How to Manage Your 401k When You Switch Jobs
In the past, boomers and generation Xers often held on to jobs for 10 or more years. Some professionals stayed with the same company for most of their working lives. The Great Recession changed this for many. Now, people have become more comfortable moving from job to job. Millennials are especially adept at this. They change jobs three times more often than other generations.
Changing jobs introduces a new dilemma for people, regardless of why or how often they do so: what to do with the 401(k) account they had with their former employer. Should they consider taking the cash distribution, or could there be a better choice?
Consider All Options
Here are some reasonable options to consider whether it’s to cash out, or retain the tax-deferred benefits attached to your assets:
- Take the Cash: When people make financial decisions they may choose to do so based on interest rates and cash in hand. But another important factor to consider is taxes. When you take cash distributions from your 401(k) account, you may pay a lot of money in taxes and fees. This includes a 20% federal withholding tax and then another 10% penalty for people who are under the age of 59 and a half years old.
- Directly Roll the Money Into an IRA: An individual retirement account is much like a 401(k), but it can remain independent of any employer. You may want to consider this option if you change jobs often or if a new employer does not offer retirement plans.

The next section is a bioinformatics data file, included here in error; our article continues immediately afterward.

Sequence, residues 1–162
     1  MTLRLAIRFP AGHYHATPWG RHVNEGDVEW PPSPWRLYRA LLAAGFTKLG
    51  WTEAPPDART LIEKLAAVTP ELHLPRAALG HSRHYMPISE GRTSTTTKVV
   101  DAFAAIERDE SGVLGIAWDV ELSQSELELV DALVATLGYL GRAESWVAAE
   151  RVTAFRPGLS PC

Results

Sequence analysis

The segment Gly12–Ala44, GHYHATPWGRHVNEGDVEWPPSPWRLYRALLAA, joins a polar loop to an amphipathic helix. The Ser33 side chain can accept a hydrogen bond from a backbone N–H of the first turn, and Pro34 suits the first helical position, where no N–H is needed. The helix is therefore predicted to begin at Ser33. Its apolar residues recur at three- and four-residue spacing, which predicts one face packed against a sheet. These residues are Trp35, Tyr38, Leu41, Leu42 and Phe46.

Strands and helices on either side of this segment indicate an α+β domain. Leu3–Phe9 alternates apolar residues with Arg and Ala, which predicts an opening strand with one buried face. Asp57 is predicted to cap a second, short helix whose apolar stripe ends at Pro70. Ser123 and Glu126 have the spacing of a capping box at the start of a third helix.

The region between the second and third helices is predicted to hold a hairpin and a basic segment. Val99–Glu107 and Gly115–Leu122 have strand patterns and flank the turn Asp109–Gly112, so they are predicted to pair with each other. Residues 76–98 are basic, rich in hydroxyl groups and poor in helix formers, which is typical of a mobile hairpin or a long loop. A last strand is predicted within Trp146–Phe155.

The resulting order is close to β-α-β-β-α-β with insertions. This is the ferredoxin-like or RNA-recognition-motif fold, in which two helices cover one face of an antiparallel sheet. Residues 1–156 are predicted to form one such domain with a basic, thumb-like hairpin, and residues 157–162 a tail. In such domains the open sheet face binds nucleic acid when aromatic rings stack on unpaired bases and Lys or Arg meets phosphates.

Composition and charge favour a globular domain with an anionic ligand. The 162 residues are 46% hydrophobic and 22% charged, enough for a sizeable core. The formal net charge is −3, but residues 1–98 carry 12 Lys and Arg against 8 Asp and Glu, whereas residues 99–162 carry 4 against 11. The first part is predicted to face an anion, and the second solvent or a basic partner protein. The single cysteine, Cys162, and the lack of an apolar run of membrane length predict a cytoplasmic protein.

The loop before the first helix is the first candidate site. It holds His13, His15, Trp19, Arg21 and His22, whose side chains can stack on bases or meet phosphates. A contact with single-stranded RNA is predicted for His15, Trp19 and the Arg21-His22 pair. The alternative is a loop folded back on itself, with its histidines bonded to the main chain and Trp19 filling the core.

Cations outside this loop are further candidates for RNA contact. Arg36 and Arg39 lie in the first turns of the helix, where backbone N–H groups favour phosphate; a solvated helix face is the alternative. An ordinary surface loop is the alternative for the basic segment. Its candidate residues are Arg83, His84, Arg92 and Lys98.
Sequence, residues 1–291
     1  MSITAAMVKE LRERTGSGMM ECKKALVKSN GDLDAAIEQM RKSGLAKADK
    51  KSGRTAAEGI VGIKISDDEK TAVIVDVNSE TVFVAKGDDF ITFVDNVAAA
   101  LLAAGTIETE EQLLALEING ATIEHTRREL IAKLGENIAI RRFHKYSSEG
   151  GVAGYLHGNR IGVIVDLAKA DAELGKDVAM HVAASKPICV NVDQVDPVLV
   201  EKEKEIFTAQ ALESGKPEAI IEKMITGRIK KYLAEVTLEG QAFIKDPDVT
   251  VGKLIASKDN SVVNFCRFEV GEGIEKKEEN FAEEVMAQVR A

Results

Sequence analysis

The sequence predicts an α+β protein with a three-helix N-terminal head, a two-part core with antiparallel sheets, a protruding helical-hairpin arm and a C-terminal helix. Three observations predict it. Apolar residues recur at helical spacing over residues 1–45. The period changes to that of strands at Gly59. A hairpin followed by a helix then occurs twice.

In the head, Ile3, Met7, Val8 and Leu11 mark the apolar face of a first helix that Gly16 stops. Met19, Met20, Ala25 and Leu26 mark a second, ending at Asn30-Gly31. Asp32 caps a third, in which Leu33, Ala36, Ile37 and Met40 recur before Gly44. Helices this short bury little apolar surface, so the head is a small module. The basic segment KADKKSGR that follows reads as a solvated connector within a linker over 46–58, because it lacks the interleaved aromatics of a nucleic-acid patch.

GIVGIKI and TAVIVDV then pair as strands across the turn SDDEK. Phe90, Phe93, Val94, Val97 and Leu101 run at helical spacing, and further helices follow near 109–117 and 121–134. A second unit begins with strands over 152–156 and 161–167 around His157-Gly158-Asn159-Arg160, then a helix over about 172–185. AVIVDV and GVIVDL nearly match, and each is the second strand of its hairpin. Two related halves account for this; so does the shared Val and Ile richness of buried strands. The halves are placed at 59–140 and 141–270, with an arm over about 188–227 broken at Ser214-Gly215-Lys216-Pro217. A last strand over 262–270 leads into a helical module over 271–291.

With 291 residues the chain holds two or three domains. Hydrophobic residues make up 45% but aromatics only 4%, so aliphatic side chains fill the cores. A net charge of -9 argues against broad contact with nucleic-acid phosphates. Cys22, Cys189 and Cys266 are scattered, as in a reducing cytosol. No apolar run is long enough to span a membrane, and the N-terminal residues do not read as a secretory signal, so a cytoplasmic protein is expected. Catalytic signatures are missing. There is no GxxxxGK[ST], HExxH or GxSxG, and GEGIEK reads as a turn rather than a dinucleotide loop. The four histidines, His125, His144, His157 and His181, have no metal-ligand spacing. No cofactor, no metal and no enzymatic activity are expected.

- Use the New Employer’s Plan: Some professionals prefer to keep rolling their 401(k) savings forward. You may want to consider this option if you mostly work corporate jobs with good 401(k) plans. Rolling the money over directly from one employer to the next may also help to eliminate any fees from the IRS. Note that even if you are not yet eligible to contribute to your new employer’s retirement plan, you should be able to roll over your money.
- Keep the Old Plan: If you have at least $5,000 in your old retirement account, your employer must allow you to retain your 401(k) account if you want to. You can no longer make contributions to the account, but you can make decisions regarding the investment of your assets. You may want to consider this option if you leave your job to start a business or want to add some diversity to your retirement holdings.
The Importance of Research
The right approach depends on a number of factors. Aside from those mentioned above, you should consider the rules of your company as well as longevity. Is the company in financial trouble? What happens to your retirement plan if it goes under? Some employers may also set lower thresholds to allow former employees to leave their retirement accounts behind. Speak directly with the human resources department to get some answers.